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Chapter 2 is titled "The Owners", and is devoted to describing three groups, and the divisions and tensions between and among them.  These three groups were the planters of San Domingo, the French bourgousie, and the British bourgousie.

On the island of San Domingo, crops flourish year-round, and there is no strong cycle of seasons.  Plantations were large, and the planter population was spread thinly, and easily bored.  The wealthy owners and the wealthiest merchants were the "big whites", and their main ambition was to make enough money to either move back to France, or at least frequently spend several months in Paris.  They spent their unwanted time on San Domingo in drunken idleness and sex with their slaves.  Their numbers were augmented by younger scions of the French aristocracy.  Deprived of most of its power by the king, they sought riches to obtain another form of power.

Another group among the owners were the "small whites", managers and stewards on the plantations, lawyers, notaries, clerks, artisans, and grocers in the towns.

P. 33  No small white was a servant,no white man did any work that he could get a Negro to do for him.

Over and above the big and small whites was the ruling bureaucracy, which came in two forms.  The Governor represented the king, and was a soldier and aristocrat.  The Intendant was responsible for justice, finance, and general administration.  These two were generally at odds with one another.  The planters, little emperors on their own plantation, hated the bureaucracy.  In order to find a counterweight, the bureaucracy cultivated the interests of the small whites.

The other class of free people in San Domingo consisted of free Mulattoes and free blacks.  In the earlier days of the colony, it was easier to obtain freedom, particularly for the children of white men.  As time went by, they started amassing wealth, since they lived more soberly and didn't blow away huge amounts of money going to France. Their growing numbers and wealth caused alarm to the whites, who would have liked to wipe them out.  However, their numbers and wealth gave them some protection, and they had their own plantations.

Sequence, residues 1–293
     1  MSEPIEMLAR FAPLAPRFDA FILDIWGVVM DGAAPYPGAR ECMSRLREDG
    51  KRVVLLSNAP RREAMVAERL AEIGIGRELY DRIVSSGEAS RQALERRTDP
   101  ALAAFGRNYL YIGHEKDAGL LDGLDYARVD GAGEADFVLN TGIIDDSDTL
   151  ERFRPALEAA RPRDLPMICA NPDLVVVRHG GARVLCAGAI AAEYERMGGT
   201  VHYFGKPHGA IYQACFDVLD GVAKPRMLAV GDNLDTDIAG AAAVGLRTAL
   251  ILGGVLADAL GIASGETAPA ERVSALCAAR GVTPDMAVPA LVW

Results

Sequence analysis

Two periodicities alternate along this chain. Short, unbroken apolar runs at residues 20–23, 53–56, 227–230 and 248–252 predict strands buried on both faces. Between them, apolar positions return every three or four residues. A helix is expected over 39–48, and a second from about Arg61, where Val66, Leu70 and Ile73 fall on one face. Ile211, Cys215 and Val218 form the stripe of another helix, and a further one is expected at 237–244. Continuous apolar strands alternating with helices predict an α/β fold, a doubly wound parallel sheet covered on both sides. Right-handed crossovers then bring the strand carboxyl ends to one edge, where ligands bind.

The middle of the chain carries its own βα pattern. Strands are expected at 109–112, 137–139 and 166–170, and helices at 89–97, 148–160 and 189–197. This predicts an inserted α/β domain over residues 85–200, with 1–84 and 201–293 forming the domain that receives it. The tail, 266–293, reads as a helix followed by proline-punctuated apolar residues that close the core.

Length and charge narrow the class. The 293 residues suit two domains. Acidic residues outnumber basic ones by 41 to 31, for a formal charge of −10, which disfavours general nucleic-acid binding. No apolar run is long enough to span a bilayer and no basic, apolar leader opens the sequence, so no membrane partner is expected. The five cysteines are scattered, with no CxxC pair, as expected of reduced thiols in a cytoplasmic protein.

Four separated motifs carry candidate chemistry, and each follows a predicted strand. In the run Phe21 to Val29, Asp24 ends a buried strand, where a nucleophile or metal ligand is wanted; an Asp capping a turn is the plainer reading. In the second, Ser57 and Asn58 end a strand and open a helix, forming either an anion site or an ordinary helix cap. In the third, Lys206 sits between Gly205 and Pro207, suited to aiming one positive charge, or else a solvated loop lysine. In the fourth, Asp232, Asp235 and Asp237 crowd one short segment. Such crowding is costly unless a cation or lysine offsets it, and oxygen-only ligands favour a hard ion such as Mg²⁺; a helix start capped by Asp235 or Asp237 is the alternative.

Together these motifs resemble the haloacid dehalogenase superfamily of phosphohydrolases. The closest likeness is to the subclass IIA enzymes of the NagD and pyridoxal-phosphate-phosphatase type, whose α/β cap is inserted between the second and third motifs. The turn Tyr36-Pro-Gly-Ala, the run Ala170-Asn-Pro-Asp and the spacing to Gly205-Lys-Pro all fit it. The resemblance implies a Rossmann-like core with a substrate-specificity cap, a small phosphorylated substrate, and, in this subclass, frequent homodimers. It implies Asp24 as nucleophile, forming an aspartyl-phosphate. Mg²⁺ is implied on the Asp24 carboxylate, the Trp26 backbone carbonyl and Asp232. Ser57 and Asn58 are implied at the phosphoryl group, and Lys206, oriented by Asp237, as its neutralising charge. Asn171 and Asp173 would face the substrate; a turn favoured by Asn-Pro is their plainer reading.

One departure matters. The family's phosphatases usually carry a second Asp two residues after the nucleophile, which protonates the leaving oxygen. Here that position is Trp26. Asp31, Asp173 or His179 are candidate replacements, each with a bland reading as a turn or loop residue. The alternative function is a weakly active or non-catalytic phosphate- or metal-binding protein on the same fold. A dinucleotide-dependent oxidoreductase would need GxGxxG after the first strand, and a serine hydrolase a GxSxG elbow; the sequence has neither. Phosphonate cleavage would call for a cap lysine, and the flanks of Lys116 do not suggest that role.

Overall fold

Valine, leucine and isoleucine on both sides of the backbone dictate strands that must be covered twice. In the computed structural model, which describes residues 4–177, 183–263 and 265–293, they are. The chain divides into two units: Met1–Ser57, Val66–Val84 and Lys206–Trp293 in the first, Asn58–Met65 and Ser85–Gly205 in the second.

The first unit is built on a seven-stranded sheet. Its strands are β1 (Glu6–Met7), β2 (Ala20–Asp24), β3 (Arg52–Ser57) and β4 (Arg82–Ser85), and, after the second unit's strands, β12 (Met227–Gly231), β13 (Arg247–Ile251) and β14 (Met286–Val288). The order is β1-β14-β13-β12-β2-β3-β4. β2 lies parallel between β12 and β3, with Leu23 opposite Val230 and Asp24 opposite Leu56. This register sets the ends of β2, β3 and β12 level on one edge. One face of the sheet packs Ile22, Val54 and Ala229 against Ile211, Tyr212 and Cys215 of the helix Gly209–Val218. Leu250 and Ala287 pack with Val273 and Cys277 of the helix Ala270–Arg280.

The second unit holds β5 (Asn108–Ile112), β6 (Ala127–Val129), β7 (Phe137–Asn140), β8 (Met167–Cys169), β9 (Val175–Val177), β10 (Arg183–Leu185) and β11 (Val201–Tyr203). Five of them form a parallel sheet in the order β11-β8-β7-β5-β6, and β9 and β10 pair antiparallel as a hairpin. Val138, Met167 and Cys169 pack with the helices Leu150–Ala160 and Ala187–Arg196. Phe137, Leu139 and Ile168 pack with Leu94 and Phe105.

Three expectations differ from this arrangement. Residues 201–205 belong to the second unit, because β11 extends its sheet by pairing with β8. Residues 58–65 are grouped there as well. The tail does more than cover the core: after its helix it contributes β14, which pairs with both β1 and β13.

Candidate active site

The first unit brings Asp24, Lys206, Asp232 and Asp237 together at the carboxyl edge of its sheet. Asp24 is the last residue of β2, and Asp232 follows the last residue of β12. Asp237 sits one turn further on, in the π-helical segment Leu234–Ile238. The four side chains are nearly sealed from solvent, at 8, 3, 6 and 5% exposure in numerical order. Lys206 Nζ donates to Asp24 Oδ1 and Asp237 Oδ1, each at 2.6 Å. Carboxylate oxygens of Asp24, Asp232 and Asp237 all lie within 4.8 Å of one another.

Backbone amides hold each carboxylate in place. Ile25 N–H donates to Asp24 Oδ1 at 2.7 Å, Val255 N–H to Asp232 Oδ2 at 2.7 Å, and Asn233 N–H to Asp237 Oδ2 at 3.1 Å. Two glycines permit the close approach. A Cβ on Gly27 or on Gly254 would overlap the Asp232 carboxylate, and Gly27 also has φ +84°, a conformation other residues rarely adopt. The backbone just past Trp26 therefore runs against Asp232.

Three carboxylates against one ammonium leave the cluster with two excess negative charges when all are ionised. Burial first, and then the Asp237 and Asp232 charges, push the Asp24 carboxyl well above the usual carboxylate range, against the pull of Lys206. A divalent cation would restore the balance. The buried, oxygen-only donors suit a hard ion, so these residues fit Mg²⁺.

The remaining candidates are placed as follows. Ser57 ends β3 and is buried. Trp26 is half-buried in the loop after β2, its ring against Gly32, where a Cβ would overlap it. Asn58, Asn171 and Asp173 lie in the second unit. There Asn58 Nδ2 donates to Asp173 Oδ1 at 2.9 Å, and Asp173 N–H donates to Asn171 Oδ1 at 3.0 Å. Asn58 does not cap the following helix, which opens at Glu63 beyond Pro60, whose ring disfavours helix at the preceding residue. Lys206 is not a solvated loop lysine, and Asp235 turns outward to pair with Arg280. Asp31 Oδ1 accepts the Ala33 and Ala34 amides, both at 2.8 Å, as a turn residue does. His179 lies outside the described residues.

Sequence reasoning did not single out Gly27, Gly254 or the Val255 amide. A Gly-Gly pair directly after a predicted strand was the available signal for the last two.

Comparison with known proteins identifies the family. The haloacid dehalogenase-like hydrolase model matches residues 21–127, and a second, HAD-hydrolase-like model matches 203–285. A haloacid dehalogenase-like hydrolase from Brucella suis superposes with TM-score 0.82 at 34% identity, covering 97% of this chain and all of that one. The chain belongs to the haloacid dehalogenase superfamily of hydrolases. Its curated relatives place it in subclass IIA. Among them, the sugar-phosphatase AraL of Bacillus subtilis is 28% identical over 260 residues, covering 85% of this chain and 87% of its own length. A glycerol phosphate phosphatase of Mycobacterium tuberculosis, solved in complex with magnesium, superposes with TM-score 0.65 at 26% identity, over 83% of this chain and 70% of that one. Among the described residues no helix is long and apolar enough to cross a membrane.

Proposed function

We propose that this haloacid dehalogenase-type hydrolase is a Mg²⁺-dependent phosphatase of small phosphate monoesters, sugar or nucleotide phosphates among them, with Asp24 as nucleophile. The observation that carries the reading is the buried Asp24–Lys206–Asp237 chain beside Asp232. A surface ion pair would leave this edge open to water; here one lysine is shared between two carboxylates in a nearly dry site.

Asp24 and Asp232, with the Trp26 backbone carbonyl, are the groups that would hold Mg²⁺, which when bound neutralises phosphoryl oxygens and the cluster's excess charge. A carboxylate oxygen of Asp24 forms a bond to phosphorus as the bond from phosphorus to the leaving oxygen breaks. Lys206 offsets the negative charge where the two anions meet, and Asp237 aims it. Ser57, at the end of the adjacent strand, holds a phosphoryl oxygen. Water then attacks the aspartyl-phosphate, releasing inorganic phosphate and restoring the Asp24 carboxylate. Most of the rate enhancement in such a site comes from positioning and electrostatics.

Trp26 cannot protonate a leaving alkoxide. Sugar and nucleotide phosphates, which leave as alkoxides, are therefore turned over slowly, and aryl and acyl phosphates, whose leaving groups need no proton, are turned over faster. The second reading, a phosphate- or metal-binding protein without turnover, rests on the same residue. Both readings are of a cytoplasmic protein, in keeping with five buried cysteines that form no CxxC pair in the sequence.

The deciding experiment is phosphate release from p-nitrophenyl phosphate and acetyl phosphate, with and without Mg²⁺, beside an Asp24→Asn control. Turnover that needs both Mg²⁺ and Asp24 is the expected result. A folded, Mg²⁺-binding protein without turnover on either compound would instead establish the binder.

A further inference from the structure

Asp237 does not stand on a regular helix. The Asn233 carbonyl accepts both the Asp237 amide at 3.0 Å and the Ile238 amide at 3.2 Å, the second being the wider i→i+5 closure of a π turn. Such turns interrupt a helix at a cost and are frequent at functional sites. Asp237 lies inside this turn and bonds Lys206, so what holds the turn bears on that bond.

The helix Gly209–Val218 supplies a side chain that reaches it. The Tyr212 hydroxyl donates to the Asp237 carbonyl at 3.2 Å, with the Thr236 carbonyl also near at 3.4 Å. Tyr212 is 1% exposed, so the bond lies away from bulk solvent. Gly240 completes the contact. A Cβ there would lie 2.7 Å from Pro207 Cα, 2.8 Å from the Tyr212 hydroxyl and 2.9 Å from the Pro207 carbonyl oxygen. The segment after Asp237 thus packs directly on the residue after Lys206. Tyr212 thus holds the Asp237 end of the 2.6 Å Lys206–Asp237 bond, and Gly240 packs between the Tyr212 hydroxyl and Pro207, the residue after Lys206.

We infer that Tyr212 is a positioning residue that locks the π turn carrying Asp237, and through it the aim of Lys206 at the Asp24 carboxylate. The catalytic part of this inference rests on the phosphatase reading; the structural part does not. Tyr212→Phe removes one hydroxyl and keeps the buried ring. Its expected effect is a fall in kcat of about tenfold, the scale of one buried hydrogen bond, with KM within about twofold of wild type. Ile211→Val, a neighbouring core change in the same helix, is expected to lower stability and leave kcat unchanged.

P. 41 The colonists had to content themselves with throwing on these rivals every humiliation that ingenuity and malice could devise ...They were forbidden to meet together "on the pretext" of weddings, feasts or dances, under penalty of a fine for the first offence, imprisonment for the next, and worse to follow. ... The only privilege the whites allowed them was the privilege of lending white men money.

The overriding justification for the nasty society of San Domingo was its prosperity.  The island was extraordinarily productive, and continually becoming more so.  Still, the French government kept a heavy hand on what the colonists were allowed to do for themselves.  They were meant to supply raw materials to French industry, not to set up industries of their own.  

P. 46  Whatever manufactued goods the colonists needed they were compelled to buy from France.  They could sell their produce only to France.  The goods were to be transported only in French ships.
These restrictions led to revolts by the planters in the 1720's, including throwing the governor into prison to get some relief on the restrictions.